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J Cardiovasc Ultrasound. 2014 Mar;22(1):8-13. English. Original Article.
Kang MK , Chang HJ , Cho IJ , Shin S , Shim CY , Hong GR , Yu KJ , Chang BC , Chung N .
Cardiology Division, Kangnam Sacred Heart Hospital, Hallym University College of Medicine, Seoul, Korea.
Division of Cardiology, Severance Cardiovascular Hospital, Yonsei University Health System, Seoul, Korea.
Severance Biomedical Science Institute, Severance Cardiovascular Hospital, Yonsei University Health System, Seoul, Korea.
Division of Cardiovascular Surgery, Severance Cardiovascular Hospital, Yonsei University Health System, Seoul, Korea.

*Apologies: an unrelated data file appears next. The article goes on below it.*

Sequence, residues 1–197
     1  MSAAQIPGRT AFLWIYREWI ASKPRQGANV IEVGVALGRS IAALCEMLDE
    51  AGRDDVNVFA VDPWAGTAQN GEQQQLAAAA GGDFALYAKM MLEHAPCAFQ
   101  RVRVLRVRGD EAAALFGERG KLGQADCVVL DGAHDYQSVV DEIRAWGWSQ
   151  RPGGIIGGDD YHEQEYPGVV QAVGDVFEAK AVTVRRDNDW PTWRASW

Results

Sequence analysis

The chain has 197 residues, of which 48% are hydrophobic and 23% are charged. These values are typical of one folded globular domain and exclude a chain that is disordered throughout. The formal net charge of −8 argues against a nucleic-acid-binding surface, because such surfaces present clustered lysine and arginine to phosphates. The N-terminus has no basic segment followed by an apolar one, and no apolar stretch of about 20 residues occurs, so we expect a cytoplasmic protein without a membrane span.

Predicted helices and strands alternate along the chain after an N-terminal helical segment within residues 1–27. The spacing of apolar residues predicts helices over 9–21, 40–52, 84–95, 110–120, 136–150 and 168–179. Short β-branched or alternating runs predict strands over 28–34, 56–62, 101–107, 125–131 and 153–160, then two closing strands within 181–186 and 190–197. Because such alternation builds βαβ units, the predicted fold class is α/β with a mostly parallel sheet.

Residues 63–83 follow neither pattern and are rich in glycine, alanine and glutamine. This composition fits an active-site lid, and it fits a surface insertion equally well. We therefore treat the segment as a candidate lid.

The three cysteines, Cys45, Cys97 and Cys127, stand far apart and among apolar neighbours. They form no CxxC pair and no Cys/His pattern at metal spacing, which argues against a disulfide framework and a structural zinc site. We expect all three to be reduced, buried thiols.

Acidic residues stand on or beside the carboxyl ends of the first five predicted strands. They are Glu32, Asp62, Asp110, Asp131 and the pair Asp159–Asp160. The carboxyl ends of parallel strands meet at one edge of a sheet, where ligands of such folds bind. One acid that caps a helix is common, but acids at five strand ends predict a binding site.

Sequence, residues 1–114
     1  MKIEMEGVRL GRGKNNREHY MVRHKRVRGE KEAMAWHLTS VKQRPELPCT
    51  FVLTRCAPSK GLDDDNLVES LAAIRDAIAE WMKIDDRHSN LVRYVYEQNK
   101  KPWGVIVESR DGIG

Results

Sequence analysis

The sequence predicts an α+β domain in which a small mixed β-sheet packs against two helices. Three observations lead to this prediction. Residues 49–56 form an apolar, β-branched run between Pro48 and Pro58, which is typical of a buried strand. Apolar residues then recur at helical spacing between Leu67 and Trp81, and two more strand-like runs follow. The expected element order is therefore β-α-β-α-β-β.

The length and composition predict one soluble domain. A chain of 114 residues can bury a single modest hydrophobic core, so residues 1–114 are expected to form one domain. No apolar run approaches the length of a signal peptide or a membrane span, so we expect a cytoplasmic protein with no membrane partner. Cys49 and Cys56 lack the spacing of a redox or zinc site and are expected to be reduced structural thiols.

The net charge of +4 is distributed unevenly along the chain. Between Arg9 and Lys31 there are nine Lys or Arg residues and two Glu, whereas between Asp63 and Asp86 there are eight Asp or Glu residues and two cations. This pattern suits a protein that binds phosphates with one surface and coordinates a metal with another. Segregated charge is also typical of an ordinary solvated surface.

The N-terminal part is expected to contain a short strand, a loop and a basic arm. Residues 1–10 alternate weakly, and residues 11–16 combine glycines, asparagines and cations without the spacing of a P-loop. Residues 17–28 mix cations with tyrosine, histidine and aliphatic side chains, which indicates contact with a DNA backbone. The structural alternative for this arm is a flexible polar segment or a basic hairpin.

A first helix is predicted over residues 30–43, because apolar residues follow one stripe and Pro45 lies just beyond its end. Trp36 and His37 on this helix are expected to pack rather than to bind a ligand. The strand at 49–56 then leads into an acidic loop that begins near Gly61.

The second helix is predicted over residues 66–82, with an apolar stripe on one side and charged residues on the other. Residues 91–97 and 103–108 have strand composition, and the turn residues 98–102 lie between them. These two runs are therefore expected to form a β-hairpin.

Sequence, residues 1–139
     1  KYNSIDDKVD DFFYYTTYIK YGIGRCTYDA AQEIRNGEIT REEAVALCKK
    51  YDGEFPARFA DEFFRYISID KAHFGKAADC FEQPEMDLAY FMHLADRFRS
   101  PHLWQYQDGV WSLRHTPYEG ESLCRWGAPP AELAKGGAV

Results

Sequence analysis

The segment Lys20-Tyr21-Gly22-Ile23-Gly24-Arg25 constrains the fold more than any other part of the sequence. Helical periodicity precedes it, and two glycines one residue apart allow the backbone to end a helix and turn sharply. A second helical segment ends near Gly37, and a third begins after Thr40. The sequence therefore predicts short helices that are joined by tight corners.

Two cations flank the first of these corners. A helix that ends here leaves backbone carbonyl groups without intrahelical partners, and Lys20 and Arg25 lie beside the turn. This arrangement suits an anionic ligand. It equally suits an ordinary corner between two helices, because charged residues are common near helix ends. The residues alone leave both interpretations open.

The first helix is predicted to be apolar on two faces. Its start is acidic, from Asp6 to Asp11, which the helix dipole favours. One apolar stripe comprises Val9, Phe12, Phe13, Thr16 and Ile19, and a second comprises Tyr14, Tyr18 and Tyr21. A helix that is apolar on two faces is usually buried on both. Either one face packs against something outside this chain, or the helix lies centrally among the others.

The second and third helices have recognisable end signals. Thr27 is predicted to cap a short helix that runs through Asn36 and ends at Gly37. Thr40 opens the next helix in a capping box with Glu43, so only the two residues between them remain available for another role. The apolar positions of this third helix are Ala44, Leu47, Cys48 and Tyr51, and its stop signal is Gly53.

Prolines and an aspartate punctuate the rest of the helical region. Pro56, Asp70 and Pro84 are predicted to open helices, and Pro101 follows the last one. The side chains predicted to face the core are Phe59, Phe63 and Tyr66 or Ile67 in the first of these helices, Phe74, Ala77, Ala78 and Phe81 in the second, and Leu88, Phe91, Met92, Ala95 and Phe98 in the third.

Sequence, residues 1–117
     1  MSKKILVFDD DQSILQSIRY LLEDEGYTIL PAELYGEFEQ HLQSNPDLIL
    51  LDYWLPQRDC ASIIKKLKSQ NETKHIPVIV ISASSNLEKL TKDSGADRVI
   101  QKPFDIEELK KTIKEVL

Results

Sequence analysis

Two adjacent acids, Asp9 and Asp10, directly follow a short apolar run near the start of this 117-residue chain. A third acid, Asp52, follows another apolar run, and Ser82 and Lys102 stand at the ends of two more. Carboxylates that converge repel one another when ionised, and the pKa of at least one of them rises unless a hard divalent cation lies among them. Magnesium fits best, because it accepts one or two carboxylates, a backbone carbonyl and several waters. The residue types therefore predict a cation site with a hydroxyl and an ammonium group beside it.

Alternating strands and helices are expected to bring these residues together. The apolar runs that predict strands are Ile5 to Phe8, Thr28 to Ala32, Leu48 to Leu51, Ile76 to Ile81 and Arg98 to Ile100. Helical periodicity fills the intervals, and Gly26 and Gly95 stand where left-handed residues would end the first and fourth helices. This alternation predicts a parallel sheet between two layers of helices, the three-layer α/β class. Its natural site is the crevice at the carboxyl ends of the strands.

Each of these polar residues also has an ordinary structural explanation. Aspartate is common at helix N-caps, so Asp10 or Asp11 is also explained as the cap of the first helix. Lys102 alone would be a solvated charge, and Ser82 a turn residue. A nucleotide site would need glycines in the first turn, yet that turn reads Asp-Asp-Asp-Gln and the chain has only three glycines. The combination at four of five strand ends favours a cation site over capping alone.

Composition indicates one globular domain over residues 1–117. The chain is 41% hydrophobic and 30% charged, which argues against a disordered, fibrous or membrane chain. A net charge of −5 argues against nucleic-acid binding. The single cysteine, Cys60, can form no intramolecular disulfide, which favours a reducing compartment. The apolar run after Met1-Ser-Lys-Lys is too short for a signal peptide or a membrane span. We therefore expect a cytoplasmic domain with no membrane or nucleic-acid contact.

BACKGROUND: Abnormal interventricular septal motion (ASM) is frequently observed after open heart surgery (OHS). The aim of this study was to investigate the incidence and temporal change of ASM, and its underlying mechanism in patients who underwent OHS using transthoracic echocardiography (TTE). METHODS: In total, 165 patients [60 +/- 13 years, 92 (56%) men] who underwent coronary bypass surgery or heart valve surgery were consecutively enrolled in a prospective manner. TTE was performed preoperatively, at 3-6-month postoperatively, and at the 1-year follow-up visit. Routine TTE images and strain analysis were performed using velocity vector imaging. RESULTS: ASM was documented in 121 of 165 patients (73%) immediately after surgery: 26 patients (17%) presented concomitant expiratory diastolic flow reversal of the hepatic vein, 11 (7%) had inferior vena cava plethora, and 11 (7%) had both. Only 2 patients (1%) showed clinically discernible constriction. ASM persisted 3--6 months after surgery in 38 patients (25%), but only in 23 (15%) after 1 year. There was no difference in preoperative and postoperative peak systolic strain of all segments of the left ventricle (LV) between groups with or without ASM. However, systolic radial velocity (V(Rad)) of the mid anterior-septum and anterior wall of the LV significantly decreased in patients with ASM. CONCLUSION: Although ASM was common (74%) immediately after OHS, it disappeared over time without causing clinically detectable constriction. Furthermore, we consider that ASM might not be caused by myocardial ischemia, but by the decreased systolic V(Rad) of the interventricular septum after pericardium incision.

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